It was the right decision. Over the course of my MFA experience, our program hired more spectacular writing faculty and things got even better. I’d recommend my program to most anyone. I know, I wish I could tell you the name of the program, but that would threaten my anonymity. So email me offline if you want to know.

I worked throughout my MFA (a thing I now regret). Even though I might I have regretted NOT working–even with a TA’ship (which paid full tuition my second year), the MFA cost me tens of thousands of dollars. And I’m not going to recoup those costs in a related career field. Still, working part-time robbed me of a singular focus on writing. Bleah. Try to take 100% time off if you can.

Publishing became less of an important thing. In fact, the publishing credit I am most proud of, happened before my MFA. I wonder a bit about what happened with my writing aesthetic–did the MFA “standardize” it? (There is such a thing as “MFA writing,” I think). I decided that writing was a process, I became more patient.

I emerged calling myself a “writer” without wincing or feeling like an impostor.

I found incredible mentors! But some of them are people I met via writing conferences and residencies–so it’s possible to find mentors outside of an MFA program.

I still find that the writing friends I met before and outside of the MFA program are the most supportive. I have friends at school who hang out, but that’s just not me.

So in sum–it was worth it. I would do it again.

But if you can’t go, or decide not to go, all is not lost–you can still find mentors and writing friends. It may be more difficult, and the relationships less accessible, but it’s possible.

Okay. I hope this is helpful.

p.s.  As you can see from the picture above–Spring has come to Berkeley.



Filed under Helpful, MFA, Writing

41 responses to “The MFA retrospective: was it worth it?

  1. Great post, and all great points. I would have liked this advice some years ago when I was applying and decided to go!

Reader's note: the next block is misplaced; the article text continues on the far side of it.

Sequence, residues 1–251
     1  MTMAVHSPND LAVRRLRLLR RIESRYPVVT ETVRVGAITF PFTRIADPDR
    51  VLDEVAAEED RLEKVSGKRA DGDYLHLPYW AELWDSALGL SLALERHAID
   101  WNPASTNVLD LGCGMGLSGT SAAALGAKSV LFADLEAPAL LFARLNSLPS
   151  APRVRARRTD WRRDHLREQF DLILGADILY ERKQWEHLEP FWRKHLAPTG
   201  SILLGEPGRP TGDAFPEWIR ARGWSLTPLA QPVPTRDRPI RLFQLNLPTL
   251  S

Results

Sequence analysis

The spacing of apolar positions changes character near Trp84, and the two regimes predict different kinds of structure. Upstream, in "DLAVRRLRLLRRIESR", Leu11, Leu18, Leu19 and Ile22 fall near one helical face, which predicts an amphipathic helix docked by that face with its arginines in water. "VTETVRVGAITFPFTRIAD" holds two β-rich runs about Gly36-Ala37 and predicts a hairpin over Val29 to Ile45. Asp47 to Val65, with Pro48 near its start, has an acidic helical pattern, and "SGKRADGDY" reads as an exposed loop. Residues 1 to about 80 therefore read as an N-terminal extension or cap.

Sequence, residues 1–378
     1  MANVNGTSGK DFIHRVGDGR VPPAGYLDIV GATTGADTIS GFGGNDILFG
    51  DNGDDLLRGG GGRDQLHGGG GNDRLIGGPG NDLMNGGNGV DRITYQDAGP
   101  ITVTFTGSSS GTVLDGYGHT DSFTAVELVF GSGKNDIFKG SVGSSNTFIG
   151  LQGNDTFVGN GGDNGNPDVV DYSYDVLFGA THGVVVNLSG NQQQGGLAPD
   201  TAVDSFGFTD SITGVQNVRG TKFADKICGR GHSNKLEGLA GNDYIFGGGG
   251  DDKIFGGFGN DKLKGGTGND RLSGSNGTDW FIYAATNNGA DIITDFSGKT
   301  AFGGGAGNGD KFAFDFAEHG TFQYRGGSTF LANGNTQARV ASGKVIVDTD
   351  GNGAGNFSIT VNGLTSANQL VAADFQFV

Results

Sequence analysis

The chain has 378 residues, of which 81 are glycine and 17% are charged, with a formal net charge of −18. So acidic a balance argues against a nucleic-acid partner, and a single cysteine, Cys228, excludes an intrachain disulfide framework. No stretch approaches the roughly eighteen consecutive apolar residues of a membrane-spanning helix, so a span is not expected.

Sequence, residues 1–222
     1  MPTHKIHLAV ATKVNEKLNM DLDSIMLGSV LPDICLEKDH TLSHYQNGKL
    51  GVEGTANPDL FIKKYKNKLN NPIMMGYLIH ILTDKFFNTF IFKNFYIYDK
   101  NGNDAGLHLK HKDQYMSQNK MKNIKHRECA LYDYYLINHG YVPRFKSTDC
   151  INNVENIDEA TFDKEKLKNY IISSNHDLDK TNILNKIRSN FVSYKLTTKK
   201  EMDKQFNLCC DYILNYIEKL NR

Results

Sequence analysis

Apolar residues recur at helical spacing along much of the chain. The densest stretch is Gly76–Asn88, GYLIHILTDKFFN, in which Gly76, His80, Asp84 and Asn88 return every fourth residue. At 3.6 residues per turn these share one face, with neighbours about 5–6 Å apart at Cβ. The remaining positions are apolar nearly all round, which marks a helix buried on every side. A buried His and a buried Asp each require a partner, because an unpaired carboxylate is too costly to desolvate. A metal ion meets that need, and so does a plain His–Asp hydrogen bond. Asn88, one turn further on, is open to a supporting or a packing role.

2. Akrypti

    Definitely a helpful post! I’m considering applying to an MFA program, but as you touched on, it’s a huge commitment both in time and money, not to mention there’s no guarantee what you’ll get out of it. For someone who’s already been through a grad program, I really don’t know if I want to do it all over again for an MFA.

    I guess we’ll see. =) Thanks for this post. For a lot of us who google-research for info, this will prove to be an invaluable reference.

  3. To Akrypti above- if you aren’t sure about doing an MFA (especially with grad school already under your belt), why not go to some of the really well-regarded one or two week writers’ conferences, with workshops? I know many who have gone to Squaw Valley and loved it. I also know a half dozen people who have gotten a great deal out of VONA, Voices of Our Nation, but that one is focused on people of color.

    I haven’t researched these – I’m passing on word of mouth. I just know that my buddies who have gone to these two above have made great connections with other writers and with writing mentors. YMMV.

  4. Squaw and VONA are both awesome, as is Napa Valley Writers’ Workshop. It was after attending Squaw that I decided to definitely pursue an MFA.

    I have lifetime friends from having attended all of them.

  5. Building a good personal writing community is probably the best part of the investment. But a close second–if it’s available as it was in my MFA program–is to take publishing courses. Having the chance to learn web design, book and magazine publishing, copyediting, etc. gave me marketable skills and good perspective on how the industry works and where it’s headed. A lot of classmates got burned out on creative writing at the end of a master’s program but were still $40k or more in the hole; being able to then step onto a parallel path, ready to move back to writing when it’s time, makes a big difference.

  6. Eve

    Wow, Jade, how helpful is this? Very.

    I particularly liked the pros and cons. Just one question… how did you find mentors and writing friends if not in the MFA program?

    Wondering about that lately.

  7. Andrew: I wish my program had some publishing courses! I know there are MFA programs out there with some good ones (Emerson comes to mind). My program happened to have good pedagogy (teaching) courses, and it was a great supplement. We also had book arts courses, and everyone who took those loved them. But I agree with you–explore!